Another chilling report in DZIENNIK which writes that Poles top the list in the EU (and are third in the world) in the use of painkillers. Seventy percent of the population take over-the-counter analgesics because only 20 percent say that their pain problems were solved by a doctor. Several thousand land in hospital every year because of overdosing painkillers. DZIENNIK cites the case of a 46-year-old woman who bled to death because she had been taking five different kinds of remedies at once against her rheumatism. “People believe advertisements” writes the daily “and think that ‘intelligent’ headache pills only help headaches, so they take this for migraine, that for a cold and add something else for backache. They go to different doctors and don’t tell one about medicines prescribed by another; then they buy over-the-counter painkillers as well”.

Thursday, April 02, 2009

Kidney for sale on the internet

A Pole put his kidney and bone marrow up for auction on the internet, with a reserve price of 40,000 zlotys (some 9,000 euros) each.

The seller wrote on Allegro, the Polish version of Ebay, that he intends to sell his kidney and bone marrow because he is in a difficult financial situation.

The auction was to last for six days but the seller closed it on Sunday evening without stating the reason for cutting short the auction.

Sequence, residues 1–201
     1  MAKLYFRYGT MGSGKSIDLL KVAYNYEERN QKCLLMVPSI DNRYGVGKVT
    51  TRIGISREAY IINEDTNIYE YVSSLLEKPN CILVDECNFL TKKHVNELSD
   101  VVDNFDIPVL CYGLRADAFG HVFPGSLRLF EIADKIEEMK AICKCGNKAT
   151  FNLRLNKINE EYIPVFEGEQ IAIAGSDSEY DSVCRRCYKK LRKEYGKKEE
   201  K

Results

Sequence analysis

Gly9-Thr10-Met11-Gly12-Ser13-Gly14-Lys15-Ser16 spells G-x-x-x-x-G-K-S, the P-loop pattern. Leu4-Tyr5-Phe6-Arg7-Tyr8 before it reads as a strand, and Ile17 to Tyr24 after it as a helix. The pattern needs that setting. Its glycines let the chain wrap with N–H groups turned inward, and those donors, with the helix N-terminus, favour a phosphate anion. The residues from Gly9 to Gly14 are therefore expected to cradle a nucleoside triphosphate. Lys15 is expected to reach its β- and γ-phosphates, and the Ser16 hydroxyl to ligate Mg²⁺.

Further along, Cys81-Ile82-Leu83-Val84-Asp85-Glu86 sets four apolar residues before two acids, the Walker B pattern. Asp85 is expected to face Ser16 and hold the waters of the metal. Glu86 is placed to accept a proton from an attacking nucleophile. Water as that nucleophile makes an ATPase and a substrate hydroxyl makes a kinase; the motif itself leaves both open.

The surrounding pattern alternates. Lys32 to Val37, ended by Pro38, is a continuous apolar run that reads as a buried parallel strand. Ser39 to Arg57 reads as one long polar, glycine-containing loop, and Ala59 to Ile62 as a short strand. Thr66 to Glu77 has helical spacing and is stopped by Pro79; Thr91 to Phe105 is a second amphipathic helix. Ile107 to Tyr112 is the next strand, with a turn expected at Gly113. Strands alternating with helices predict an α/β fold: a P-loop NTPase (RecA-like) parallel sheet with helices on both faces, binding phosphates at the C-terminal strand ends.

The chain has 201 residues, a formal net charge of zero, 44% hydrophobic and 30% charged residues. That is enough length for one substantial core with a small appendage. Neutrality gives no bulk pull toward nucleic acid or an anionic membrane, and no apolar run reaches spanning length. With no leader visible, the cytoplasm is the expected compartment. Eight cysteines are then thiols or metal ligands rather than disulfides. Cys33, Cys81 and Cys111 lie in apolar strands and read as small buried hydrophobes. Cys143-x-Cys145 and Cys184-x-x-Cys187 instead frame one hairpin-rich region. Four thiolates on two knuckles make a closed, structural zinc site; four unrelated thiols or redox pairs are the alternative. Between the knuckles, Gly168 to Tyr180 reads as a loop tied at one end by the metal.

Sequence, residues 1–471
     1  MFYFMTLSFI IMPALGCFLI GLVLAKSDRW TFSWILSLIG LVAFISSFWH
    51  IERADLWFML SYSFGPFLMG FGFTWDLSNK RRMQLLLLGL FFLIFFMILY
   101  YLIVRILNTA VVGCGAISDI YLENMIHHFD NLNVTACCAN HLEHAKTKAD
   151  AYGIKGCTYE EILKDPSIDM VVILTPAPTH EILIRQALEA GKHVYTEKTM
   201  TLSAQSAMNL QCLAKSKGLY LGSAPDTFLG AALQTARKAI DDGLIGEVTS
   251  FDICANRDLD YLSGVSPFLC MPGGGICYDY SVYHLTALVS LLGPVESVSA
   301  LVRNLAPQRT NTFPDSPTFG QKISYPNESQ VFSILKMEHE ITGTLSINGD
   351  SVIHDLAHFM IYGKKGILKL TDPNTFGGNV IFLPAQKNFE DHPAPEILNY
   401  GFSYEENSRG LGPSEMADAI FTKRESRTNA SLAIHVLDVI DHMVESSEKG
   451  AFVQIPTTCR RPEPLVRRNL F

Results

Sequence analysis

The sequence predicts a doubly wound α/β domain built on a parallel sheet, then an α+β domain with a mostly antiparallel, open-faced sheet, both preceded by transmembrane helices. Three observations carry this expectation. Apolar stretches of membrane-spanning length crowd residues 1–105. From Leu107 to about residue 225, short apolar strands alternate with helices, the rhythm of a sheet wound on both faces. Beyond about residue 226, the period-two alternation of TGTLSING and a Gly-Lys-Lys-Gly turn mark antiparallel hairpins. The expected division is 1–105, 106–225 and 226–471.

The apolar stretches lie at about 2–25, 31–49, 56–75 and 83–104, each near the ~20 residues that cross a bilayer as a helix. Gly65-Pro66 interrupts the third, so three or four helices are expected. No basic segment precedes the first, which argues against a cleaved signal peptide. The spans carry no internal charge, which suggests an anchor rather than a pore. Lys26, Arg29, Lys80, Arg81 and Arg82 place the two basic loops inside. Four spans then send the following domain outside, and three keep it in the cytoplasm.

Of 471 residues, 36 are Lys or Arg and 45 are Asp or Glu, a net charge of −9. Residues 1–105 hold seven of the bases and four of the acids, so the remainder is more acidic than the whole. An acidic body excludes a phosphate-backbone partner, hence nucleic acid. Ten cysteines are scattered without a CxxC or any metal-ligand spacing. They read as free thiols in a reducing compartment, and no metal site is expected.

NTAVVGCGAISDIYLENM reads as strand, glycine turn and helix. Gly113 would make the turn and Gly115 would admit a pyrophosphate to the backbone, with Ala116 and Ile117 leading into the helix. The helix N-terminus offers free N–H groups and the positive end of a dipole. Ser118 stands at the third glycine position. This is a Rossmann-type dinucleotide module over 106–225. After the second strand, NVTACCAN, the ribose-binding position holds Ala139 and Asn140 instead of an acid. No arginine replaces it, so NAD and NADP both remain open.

This is not the first time human organs have been put up for sale on the internet in Poland. Kidney and bone marrow went on sale for 45,000 zlotys (some 10,000 euros) in total. It is possible that the same person is behind both controversial auctions.

The two cases are currently being investigated by the police. Spokesman for the police chief Mariusz Sokolowski explained that placing such offers online is against Polish law. “Such a deed is punishable by a fine, and or a jail sentence,” he said.

If found, the kidney seller could face even up to three years in prison.
Note: How much for both kidneys?

Wednesday, April 01, 2009

Polish Fritzl on trial

A court in Bialystok, northern Poland, has heard charges read out against a man accused of imprisoning and raping his daughter, in a case dubbed “the Polish Fritzl”.

The 45 year old man from Siedlce, eastern Poland, was arrested last September and charged with imprisoning his daughter for six years, raping her repeatedly and fathering two children who were immediately put up for adoption.

The man’s wife was apparently aware of the imprisonment but was reportedly too afraid to do anything about it.

The accused admits having sex with the daughter but claims that the act was consensual.

The opening of the case comes the day after Josef Fritzl was sentenced to life imprisonment in a mental institution in Austria for similar charges.